Data Collection Continued – Alina

Updated Table

If you remembered from my last blog, my focus in this project has recently been on figuring out a way to scrape data off of the travel websites using code instead of doing it manually since it is indeed a tedious job. Of course, while working on the code, I have also kept with the primitive collecting method since data collection is the objective of this month’s work in my project. So here’s an updated version of my data table:

Screen Shot 2018-10-20 at 5.24.57 PMScreen Shot 2018-10-20 at 5.25.14 PM

You might notice that I asterisked (*)  one date in each table. For 10/11 in the expedia table, the reason for the asterisk is that since that date, the particular flight that I had been using for the June 4th date somehow disappeared from the search results, so I had to switch to a different flight at a similar time. I doubt that the reason the flight disappeared is that the tickets are sold out since the flight is more than 8 months away, and it is still available on the Chinese site. I think it is probably a choice of Expedia, the reason of which is unknown to me. The asterisks in the second table are there because the RMB to USD exchange rate dropped a lot on October 9th (from 1 yuan = 0.15 USD to 1 yuan = 0.14 USD) which resulted in the sudden rise in the price when converted to USD. The exchange rate has since then stayed at that low point, and there hasn’t been any large-scale fluctuations.  

Data Scraping

After the update on the data I have collected, I am going to tell you about how to data scrape using Python code and a powerful library called Beautiful Soup. Through this process, I mainly followed a tutorial  online. For this example, I am going to scrape from a Wikipedia page.

The first step, after I have opened a text editor window,  is to import the libraries.

Screen Shot 2018-10-20 at 9.29.08 PM

Then, I need to tell the program what the URL of the website I am scraping is.

Screen Shot 2018-10-20 at 9.28.32 PM

The following code gives me the HTML of the page I just provided the URL for.

Screen Shot 2018-10-20 at 9.34.52 PM

The HTML page must first be parsed for Beautiful Soup to work with it.

Screen Shot 2018-10-20 at 9.48.00 PM

Then, I need to go and use the inspect function of the browser to find the element I want in the HTML file of the page. In this case, I want to find the “interaction” label in the sidebar.

Screen Shot 2018-10-20 at 9.39.22 PM

The unique “id” or “class” in the HTML tag of the element will be used to help the program find the element desired .

Screen Shot 2018-10-20 at 9.49.53 PM

In this case, the “id” is “p-interaction-label”, so we use that in our code to locate the HTML code we want.

Screen Shot 2018-10-20 at 9.52.02 PM

The next part is to strip the actual text from the HTML code. This is also the part I struggled with the most. In the beginning, this is the code I had.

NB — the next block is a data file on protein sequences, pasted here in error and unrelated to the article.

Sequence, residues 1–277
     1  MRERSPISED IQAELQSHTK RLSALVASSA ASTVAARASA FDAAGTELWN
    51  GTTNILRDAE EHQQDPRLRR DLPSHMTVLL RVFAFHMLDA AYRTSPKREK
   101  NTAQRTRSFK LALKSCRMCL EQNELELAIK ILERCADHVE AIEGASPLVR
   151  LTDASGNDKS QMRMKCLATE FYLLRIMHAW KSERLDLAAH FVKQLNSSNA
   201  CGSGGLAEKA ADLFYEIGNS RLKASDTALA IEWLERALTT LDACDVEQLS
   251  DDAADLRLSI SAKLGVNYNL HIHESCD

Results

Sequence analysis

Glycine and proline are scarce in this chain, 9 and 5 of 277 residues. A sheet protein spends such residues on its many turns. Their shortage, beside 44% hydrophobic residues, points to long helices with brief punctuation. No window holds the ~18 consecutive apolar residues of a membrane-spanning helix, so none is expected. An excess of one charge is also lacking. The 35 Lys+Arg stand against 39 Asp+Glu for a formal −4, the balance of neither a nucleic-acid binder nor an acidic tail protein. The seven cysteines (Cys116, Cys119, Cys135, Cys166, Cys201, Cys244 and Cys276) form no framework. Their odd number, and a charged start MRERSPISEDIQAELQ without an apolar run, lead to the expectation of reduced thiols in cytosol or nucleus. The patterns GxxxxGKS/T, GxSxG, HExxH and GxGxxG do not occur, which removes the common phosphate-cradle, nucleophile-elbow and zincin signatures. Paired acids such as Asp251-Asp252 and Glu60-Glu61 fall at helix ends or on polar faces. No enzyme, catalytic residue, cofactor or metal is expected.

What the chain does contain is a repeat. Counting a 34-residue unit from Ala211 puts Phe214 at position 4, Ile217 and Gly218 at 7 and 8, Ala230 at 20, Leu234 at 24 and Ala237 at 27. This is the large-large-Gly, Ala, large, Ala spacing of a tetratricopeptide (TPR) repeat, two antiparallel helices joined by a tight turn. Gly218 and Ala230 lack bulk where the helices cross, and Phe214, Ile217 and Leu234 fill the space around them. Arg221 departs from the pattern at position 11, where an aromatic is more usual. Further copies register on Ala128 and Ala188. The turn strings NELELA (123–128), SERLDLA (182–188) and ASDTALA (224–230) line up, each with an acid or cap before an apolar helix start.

Screen Shot 2018-10-20 at 9.54.48 PM

But it kept returning an error message.

Screen Shot 2018-10-20 at 9.55.42 PM

So then, I deleted the “stripe()” part and ran it again, and now it works.

Screen Shot 2018-10-20 at 11.10.39 PM

Now that I have figured out the basic way to scrape data off of a website, my next step is to advance this code and apply it to the travel websites. On the travel websites, the date for the flight searched is included in the URL.

Screen Shot 2018-10-20 at 11.14.49 PM

So when I want to get the data for different dates what I have to do is incorporate variables into the URL and then set a loop to go through all the dates I want the program to get data for.

My plan moving forward is that each day I would get the bulk of data for all the United flights departing PHL and arriving in PEK, so I would have more data to work with. This couldn’t be done before, since recording that amount of data manually every day would take way too long. Next time, with the larger dataset, I am hoping that there will be some unexpected discoveries.



Yau, Nathan. Visualize This: The FlowingData Guide to Design, Visualization, and Statistics. Indianapolis, Wiley Publishing, 2011.

Yek, Justin. “How to Scrape Websites with Python and BeautifulSoup.” FreeCodeCamp, Medium, 10 June 2017, how-to-scrape-websites-with-python-and-beautifulsoup-5946935d93fe. Accessed 21 Oct. 2018.

2 thoughts on “Data Collection Continued – Alina

  1. baitingz

    Hi Alina, very interesting introduction on how to scrap data from a website. I think you did a great job in terms of explaining you codes and logic! Since I am not a Comp Sci person, I have a general question: do you need to send multiple requests to the website to find the data (as you are frequently changing you date)? And also, if you know anything about API, could you please give us a brief introduction of it? Did you use any of the APIs in your codes? Furthermore, other than collecting data, have you decided you analytic model(s)? Please share that with me as I am super excited to know which Comparison/Evaluation model(s) you choose!!

  2. Susan C Waterhouse

    It is interesting to think about why Expedia might stop showing a flight (will it start to show the flight again after a while.. or not show it again ever)? I wonder if you will be able to tell how often the flights that are available change when you do larger data collections from this websites. How will that play into the question about whether the price changes often etc?


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